I first met David FitzSimmons in 2008 and I’ve had the opportunity to work in Republican politics with him while I served as Deputy Chair of the Republican Party of Minnesota. Since then, I’ve developed a better friendship with David, but with most friendships in politics, it has been strained at times, as we have battled over campaign strategies and tactics.
I consider David a friend and if the Republican Party of Minnesota had more activists like David, Republicans would have won more elections over the last few years than they lost. He’s the heart and soul of the Republican Party and he’ll never be rewarded enough for his hard work. But sadly, this weekend, David may be punished for doing what he thought was best for the future of the Republican Party in Minnesota.
At one point, David served as the chairman of the Wright County Republicans, the chairman of the 6th Congressional District Republicans and the chairman of the Republican Liberty Caucus in Minnesota – all at the same time. I also served with David on the Executive Committee of the Republican Party of Minnesota for over two-years.
This Saturday, the Wright County Republicans will hold their convention at Buffalo High School. Three Republican endorsing conventions will also take place for House District 29A, House District 29B and House District 30B. Three incumbent Republican members of the Minnesota House of Representatives will stand for endorsement by their local Republican Party. But only one Republican is being challenged for endorsement – Representative David FitzSimmons.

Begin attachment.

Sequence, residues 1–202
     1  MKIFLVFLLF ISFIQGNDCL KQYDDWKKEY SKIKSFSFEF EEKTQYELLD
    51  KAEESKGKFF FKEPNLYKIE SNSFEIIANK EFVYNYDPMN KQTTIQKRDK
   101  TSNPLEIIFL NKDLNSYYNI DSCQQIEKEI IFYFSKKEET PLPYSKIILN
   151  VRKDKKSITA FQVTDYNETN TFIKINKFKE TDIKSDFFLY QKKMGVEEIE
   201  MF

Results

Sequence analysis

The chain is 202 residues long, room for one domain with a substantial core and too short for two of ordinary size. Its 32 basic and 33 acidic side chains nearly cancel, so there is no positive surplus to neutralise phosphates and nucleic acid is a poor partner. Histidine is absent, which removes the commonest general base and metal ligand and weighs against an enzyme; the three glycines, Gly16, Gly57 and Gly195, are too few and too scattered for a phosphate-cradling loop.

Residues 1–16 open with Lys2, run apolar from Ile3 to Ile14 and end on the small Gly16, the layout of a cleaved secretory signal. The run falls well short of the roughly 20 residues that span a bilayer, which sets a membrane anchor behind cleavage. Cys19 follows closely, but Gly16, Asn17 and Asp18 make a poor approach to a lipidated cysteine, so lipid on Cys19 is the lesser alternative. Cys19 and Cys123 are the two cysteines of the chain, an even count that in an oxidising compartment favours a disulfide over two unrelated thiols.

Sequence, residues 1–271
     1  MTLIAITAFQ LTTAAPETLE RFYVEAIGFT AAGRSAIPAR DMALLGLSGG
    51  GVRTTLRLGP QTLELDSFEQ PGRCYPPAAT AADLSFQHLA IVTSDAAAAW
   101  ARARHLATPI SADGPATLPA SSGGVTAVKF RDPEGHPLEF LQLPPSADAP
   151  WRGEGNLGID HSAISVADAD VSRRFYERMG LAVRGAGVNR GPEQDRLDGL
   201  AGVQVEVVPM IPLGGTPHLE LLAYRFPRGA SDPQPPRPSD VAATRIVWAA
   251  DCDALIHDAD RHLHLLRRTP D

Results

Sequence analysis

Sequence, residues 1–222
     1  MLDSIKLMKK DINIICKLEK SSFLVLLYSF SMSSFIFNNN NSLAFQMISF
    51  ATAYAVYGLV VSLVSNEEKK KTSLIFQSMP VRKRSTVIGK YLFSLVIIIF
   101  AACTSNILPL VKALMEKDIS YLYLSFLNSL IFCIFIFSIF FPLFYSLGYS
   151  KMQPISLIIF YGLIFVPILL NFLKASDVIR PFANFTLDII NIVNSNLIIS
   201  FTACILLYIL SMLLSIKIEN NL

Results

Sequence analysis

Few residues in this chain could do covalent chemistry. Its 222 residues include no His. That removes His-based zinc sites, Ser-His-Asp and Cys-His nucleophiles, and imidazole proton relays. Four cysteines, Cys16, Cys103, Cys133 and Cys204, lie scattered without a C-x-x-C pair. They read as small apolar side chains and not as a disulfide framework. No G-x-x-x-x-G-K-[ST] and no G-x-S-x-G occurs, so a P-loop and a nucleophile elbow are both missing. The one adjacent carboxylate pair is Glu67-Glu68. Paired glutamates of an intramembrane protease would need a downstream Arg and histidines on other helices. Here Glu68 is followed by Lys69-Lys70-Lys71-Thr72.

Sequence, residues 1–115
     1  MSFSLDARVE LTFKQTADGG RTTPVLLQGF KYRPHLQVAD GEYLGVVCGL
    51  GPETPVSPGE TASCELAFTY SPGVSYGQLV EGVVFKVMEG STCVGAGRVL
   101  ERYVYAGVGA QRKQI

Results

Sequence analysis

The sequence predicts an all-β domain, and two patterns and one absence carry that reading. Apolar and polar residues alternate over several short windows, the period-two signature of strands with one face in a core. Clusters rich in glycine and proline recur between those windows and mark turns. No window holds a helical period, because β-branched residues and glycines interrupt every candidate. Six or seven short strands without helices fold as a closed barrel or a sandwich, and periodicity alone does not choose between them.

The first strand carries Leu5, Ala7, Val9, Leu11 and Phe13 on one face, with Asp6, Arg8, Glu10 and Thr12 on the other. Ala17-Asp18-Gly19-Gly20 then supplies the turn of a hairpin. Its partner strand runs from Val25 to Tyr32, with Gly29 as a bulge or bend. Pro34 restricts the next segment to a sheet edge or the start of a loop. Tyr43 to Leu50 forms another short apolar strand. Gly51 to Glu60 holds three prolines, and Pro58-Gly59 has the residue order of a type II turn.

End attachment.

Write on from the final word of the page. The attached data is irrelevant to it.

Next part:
The Republican activist that dedicated the last few years helping elect Republicans to office in Minnesota decided in 2012 to run for an open seat in the Minnesota House of Representatives, which was created by the new redistricting map.
At the endorsing convention, David was endorsed by the Republican Party on the first ballot, receiving close to 80 percent of the vote. On Election Day, David was elected to the Minnesota House of Representatives in 30B, winning with over 60 percent of the vote in the general election. Republican activist FitzSimmons became Representative FitzSimmons.
The majority of Republicans in 2012 didn’t have the same electoral success as David, as Republicans lost legislative control of the Minnesota Senate and the Minnesota House of Representatives. Also, two constitutional amendments passed by the Republican-controlled legislature, one an amendment requiring a government photo ID to vote and another amendment defining marriage between one man and one woman, were both defeated.